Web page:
Let’s get the Q & A out of the way…
You: You live in Buffalo, right?
Me: Yes. Well, 10 minutes to the south, but close enough.
You: And you made some chicken wings…sweet.
You: But…um…those don’t look spicy. Or buttery. Or dripping with Franks.
That’s all. I’ll let you know what happens on my way to work tomorrow. I’m guessing there’s gonna be a police blockade along with a couple greasy cooks from the Anchor Bar looking for the guy in Buffalo making chicken wings without the, uh, Buffalo. I may be breaking some unwritten rule I don’t know about…I mean, I didn’t grow up here.
Two more things before we can talk about what’s actually in the picture above.
1) Designers of menus at crappy chain restaurants all across the country right now are taking their bland, boring items, throwing the word “Buffalo” in front of them, and putting some hot sauce on top. Stop it. Very annoying. Well, at least you aren’t celebrating our other national claims to fame – an almost good enough football team and crappy winter weather (which isn’t really that bad.)
2) The chicken wing is a really underused item. Why is it that you rarely see them other than on the appetizer menu in “Buffalo” form? They are delicious (much tastier than the breast). They are cheap (much cheaper than the breast). They cook really quickly – much quicker than your dry, expensive chicken breast. Not you personally. Just someone out there, who had a dry leathery chicken breast for dinner. We can get wings from a farmer up the road for under $2/LB, frozen in nice 1 LB packages. Molly calls them “chicken bones” and plays the drums on her plate when she’s done. What’s not to love?
Looking for something different to do with chicken wings wasn’t difficult to do. You can pretty much take any kind of dry rub, sauce or glaze and work from there. I wanted to do something with lavender, because it’s great and it goes with chicken. Honey because I wanted something sweet, and lemon, because me and lemon, we can’t stay away from each other. Getting married soon.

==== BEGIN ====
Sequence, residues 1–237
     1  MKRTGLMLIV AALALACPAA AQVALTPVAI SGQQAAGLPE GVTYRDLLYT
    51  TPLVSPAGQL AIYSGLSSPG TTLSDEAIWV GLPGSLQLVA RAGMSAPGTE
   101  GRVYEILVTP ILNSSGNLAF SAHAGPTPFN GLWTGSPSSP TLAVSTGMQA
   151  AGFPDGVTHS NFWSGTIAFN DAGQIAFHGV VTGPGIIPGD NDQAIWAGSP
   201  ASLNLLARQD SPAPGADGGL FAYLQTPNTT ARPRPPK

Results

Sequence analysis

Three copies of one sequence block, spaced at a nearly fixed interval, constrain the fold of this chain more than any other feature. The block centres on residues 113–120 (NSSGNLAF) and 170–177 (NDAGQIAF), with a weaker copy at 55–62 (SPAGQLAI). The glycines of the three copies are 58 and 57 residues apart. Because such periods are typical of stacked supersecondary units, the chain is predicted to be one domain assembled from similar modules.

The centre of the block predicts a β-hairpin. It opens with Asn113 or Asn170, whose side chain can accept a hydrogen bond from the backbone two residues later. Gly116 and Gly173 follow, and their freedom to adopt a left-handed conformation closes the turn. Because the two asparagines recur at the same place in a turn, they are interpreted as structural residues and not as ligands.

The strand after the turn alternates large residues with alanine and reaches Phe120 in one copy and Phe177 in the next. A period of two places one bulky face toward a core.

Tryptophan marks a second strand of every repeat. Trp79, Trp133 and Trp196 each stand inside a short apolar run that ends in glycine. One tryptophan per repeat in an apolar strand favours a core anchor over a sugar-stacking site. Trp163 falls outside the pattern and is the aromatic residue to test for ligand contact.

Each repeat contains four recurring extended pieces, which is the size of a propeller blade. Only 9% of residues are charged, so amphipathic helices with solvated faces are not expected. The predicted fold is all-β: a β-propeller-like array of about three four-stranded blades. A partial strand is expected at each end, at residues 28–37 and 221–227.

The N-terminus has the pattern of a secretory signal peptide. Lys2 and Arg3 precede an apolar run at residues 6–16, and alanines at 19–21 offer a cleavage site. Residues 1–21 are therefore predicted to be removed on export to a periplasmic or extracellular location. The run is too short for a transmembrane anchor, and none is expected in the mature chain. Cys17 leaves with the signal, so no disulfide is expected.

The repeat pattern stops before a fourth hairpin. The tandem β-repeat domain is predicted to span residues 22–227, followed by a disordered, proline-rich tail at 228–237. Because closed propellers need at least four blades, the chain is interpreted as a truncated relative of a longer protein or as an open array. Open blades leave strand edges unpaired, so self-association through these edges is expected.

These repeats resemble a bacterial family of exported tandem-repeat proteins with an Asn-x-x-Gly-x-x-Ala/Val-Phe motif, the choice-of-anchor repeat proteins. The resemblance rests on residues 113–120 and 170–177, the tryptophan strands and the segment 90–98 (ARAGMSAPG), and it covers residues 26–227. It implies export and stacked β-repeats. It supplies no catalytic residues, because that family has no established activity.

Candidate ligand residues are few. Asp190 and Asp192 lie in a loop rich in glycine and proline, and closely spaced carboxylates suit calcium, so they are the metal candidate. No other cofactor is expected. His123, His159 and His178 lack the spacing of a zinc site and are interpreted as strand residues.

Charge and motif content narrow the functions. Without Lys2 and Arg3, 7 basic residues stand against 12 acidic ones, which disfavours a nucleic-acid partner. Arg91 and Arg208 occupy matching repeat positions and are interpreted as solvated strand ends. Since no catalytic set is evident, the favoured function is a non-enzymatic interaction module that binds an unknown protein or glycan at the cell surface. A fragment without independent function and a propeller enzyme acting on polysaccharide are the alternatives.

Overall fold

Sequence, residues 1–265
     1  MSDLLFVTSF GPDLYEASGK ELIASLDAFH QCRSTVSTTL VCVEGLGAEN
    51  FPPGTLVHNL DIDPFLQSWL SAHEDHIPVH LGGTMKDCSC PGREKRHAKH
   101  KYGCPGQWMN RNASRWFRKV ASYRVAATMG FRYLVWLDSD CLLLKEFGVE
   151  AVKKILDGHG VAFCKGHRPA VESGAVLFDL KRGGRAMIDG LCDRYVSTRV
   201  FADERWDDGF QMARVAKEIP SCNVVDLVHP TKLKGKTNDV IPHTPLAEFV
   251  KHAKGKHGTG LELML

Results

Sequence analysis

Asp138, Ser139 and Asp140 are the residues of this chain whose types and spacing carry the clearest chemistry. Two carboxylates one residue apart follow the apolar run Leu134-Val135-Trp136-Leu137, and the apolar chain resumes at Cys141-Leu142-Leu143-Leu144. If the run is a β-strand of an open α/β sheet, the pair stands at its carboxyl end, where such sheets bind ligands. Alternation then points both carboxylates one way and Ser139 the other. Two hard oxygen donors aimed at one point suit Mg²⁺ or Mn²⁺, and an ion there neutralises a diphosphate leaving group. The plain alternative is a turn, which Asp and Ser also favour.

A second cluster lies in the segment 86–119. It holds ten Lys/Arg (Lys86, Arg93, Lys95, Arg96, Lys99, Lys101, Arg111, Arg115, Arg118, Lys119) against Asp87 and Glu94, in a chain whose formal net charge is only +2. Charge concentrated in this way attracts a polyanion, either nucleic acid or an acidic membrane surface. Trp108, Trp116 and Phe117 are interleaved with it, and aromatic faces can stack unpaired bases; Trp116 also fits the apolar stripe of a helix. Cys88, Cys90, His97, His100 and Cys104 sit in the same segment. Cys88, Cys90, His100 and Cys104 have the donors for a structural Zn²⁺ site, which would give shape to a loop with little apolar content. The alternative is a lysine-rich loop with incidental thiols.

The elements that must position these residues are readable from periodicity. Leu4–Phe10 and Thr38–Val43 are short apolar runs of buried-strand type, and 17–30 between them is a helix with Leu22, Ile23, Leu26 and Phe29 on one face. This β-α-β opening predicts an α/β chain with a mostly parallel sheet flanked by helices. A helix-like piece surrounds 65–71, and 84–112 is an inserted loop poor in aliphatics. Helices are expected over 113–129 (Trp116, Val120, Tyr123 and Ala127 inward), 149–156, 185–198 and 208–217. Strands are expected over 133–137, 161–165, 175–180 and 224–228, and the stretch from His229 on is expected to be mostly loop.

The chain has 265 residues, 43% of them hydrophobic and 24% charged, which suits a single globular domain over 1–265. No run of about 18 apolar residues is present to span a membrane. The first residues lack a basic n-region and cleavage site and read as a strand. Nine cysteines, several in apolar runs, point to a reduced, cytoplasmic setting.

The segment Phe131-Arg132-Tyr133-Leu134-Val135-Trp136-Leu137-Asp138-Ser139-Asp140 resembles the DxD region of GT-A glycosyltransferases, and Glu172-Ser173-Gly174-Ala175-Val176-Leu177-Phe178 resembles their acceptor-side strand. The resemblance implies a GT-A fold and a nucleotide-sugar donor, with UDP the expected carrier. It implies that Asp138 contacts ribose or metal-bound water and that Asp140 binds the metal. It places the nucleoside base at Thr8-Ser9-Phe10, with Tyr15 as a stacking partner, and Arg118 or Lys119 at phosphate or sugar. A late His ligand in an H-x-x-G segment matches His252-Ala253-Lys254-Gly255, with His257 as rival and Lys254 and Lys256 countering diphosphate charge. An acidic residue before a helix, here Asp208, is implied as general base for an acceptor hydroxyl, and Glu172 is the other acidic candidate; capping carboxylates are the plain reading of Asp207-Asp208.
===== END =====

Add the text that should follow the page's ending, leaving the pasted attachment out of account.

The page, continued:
The wings went into a bath of some lemon juice, a little vinegar, salt/pepper and olive oil for about an hour before we ate. Some flavor, some tenderness maybe (not really an issue with these guys) and an interesting study that’s been popping up lately – we knew that those yummy charred crunchy bits on grilled food (hmmm…none of those in the photo above) were delicious and also potentially a carcinogen. There’s research now that a quick acidic bath might actually help mitigate some of that. The phrase “unmarinated breasts” appears in that article. Hopefully that doesn’t cause any unnecessary blushing or run-in’s with your corporate IT policies. Either way, the marinade doesn’t hurt the wing, so make a basic vinaigrette and let the wings hang out in that. It may end up having some benefits.
I grilled them directly over a hot charcoal fire, gas grill would be fine, so would a broiler. As soon as the wings were basically done, but weren’t completely crispy, they got the glaze. It was a big scoop of honey, a lemon’s worth of juice, a big handful of chopped lavender and some more s/p all whisked up together. It tasted good just as is – the first clue that it was going to be good on the wings. Brush it on one side of the wings, flip them, let them sit for a minute, brush and flip again. Keep doing that – but be careful. The honey has this deep, dark urge to burn, and it will not be stopped. If there’s any left, you can give the wings a little coat after they come off the grill.
These won’t be the last non-Buffalo chicken wings this summer. A perfect dinner served with a salad, and some ice cream for dessert.
The ice cream was homemade “coffee with crunchies” (Molly’s name for Coffee Heath Bar Crunch) using the coffee ice cream recipe from David Lebovitz’s Perfect Scoop. Super good. Here’s the beans soaking in milk, cream and sugar. What a way to go.